The United Nations (UN) 2030 Sustainable Development Agenda, signed in 2015 and backed-up with its seventeen Sustainable Development Goals (SDGs), mentions cities as key players for evolving actively towards more sustainability. This underpins that living in the cities of the urban age is increasingly becoming the focus of sustainability discussions, which is particularly reflected in SDG 11 “Making cities and human settlements inclusive, safe, resilient and sustainable”. As urban sustainability strategies are playing a key role for the development of cities, this article sheds light on four cities’ sustainability strategies. The case studies highlight shortcomings, in terms of integrated visions, clear targets, and indicators in existing urban (sustainability) strategies. The article discusses these issues in light of an analytical framework, and stresses challenges and opportunities that SDG implementation involves.
Agenda 2030 pursues a universal approach and identifies countries in the Global South and in the Global North that are in need of transformation toward sustainability. Therefore, countries of the Global North such as Germany have signed the commitment to implement the Sustainable Development Goals (SDGs). However, the SDGs need to be “translated” to the specific national context. Existing sustainability indicators and monitoring and reporting systems need to be adjusted as well. Our paper evaluates how three different initiatives translated SDG 11 (“Make cities and human settlements inclusive, safe, resilient, and sustainable”) to the German context, given the specific role of cities in contributing to sustainable development. These initiatives included the official ‘National Sustainable Development Strategy’ of the German Government, a scientific initiative led by the ‘German Institute for Urban Affairs’, and a project carried out by the ‘Open Knowledge Foundation’, a non-governmental organization (NGO). This article aims to analyze how global goals addressing urban developments are contextualized on a national level. Our findings demonstrate that only a few of the original targets and indicators for SDG 11 are used in the German context; thus, major adjustments have been made according to the main sustainability challenges identified for Germany. Furthermore, our results show that the current contextualization of SDG 11 and sustainable urban development in Germany are still ongoing, and more changes and commitments need to be made.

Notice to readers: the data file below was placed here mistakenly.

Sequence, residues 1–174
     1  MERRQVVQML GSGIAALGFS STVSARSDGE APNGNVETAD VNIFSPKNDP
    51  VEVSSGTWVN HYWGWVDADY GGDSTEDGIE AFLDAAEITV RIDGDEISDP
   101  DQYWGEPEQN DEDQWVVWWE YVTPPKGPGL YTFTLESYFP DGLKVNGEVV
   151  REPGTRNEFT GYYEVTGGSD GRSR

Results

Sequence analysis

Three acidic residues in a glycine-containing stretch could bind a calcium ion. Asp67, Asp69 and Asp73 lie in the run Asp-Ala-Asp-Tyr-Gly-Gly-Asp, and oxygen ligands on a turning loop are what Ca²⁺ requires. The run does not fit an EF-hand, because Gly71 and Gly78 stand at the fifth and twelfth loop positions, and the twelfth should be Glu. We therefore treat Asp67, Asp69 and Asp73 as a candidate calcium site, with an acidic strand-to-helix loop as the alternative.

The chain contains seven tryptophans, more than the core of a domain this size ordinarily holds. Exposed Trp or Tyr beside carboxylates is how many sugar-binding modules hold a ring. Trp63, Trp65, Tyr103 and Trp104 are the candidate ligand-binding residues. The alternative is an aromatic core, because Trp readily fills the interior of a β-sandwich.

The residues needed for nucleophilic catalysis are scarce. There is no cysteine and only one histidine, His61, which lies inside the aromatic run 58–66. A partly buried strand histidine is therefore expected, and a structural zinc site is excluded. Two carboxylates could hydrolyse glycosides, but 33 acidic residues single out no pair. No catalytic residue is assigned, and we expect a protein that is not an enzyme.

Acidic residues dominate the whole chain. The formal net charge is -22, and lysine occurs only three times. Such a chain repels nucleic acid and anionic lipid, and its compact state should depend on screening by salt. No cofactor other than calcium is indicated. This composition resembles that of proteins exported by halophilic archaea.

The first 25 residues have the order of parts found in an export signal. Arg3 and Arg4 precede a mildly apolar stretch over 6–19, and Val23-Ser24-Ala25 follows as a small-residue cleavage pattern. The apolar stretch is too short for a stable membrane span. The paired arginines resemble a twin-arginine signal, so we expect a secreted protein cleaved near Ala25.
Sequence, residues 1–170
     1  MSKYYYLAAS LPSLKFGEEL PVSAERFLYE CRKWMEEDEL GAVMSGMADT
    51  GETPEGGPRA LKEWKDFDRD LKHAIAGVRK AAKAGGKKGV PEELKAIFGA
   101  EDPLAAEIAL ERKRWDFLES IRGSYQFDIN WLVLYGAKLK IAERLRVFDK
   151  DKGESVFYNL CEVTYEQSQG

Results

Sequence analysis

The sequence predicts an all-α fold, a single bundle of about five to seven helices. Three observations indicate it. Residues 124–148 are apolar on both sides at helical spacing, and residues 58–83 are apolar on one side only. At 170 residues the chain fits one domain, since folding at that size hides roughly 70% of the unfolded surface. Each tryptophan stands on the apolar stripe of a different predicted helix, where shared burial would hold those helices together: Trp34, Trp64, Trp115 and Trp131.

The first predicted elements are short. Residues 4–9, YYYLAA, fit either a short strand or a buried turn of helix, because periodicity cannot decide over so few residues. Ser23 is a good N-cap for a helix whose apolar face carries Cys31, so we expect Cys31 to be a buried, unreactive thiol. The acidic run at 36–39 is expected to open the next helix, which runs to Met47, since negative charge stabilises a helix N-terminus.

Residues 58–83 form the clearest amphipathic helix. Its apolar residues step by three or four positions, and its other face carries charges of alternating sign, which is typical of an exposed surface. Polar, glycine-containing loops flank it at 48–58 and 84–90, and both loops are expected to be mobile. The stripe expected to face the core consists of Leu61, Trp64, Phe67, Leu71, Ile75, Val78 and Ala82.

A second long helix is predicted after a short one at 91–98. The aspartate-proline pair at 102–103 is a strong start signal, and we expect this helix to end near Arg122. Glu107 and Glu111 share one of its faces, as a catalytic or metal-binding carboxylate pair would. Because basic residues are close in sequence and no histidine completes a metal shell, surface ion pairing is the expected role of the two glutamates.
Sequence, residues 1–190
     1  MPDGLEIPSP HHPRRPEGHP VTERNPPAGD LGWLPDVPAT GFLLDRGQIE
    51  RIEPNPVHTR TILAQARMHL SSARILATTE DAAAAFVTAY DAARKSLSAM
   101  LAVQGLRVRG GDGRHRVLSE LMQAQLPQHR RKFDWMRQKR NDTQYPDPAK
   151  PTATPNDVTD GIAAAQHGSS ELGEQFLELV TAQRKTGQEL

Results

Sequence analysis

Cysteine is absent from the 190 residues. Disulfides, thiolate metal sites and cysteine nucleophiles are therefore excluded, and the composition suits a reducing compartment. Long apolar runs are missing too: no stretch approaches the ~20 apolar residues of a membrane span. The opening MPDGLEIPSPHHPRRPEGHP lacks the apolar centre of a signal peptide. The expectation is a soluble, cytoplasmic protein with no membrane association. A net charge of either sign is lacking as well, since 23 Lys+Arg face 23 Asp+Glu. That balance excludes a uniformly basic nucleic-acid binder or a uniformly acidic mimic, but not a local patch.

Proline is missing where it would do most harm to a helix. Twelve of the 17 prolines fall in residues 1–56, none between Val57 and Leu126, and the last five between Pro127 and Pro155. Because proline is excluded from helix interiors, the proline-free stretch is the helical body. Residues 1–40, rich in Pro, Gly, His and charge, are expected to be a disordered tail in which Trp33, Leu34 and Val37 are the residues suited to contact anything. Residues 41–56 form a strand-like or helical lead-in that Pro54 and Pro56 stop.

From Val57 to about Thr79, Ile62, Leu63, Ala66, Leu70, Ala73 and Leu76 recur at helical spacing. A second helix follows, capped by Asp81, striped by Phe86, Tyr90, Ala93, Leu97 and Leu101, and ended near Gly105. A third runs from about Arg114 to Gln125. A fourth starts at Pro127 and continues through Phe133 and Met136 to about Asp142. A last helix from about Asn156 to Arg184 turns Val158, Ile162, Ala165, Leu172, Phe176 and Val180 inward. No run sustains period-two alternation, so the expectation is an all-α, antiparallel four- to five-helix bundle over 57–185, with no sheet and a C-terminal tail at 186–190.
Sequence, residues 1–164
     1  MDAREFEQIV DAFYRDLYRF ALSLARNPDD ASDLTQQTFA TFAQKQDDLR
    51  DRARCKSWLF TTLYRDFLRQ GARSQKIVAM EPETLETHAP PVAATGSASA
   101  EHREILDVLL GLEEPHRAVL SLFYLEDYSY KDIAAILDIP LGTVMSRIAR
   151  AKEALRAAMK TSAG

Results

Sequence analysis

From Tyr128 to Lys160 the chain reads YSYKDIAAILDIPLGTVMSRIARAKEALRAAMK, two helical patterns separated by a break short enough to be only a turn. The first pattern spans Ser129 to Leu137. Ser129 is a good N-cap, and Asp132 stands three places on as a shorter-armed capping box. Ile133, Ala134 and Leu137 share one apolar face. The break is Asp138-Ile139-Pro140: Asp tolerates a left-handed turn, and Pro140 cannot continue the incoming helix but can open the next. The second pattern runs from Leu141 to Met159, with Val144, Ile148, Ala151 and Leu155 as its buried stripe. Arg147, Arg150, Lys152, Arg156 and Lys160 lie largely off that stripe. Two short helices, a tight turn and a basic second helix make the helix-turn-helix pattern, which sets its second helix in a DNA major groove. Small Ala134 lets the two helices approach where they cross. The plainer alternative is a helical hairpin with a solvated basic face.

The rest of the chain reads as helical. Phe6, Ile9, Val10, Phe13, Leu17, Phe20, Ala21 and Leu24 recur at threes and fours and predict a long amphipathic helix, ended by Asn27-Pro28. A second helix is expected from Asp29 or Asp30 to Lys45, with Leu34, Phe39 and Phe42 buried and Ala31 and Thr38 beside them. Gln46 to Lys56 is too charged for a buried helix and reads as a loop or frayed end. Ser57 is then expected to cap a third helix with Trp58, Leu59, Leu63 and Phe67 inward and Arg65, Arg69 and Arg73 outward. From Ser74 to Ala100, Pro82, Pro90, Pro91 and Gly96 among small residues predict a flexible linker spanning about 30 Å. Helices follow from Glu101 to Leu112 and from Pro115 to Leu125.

As ongoing parallel processes, urbanization and climate change call for overarching context-specific responses that tackle the complex challenges involved and include a comprehensive data base to identify the most pressing action needs. We argue that urban vulnerabilities must take centre stage in this regard. What comes to the fore in the context of urban vulnerability to climate-related hazards is the interaction of human systems with the environment. Understanding the impact of changes in temperature and precipitation on socio-ecological systems is therefore not enough. Insights into the complexity of urban development, social inequalities, economics and politics are needed. To address this complexity, the article focuses on the challenges associated with socio-environmental fragmentation patterns and residential vulnerability, since the interlinkages between them contribute substantially to furthering insights into the specifics of ‘urban’ vulnerabilities to climate-related hazards. An approach that combines socio-environmental fragmentation and residential vulnerability is presented. This approach explores socio-environmental urban developments as well as individual perceptions and capacities.
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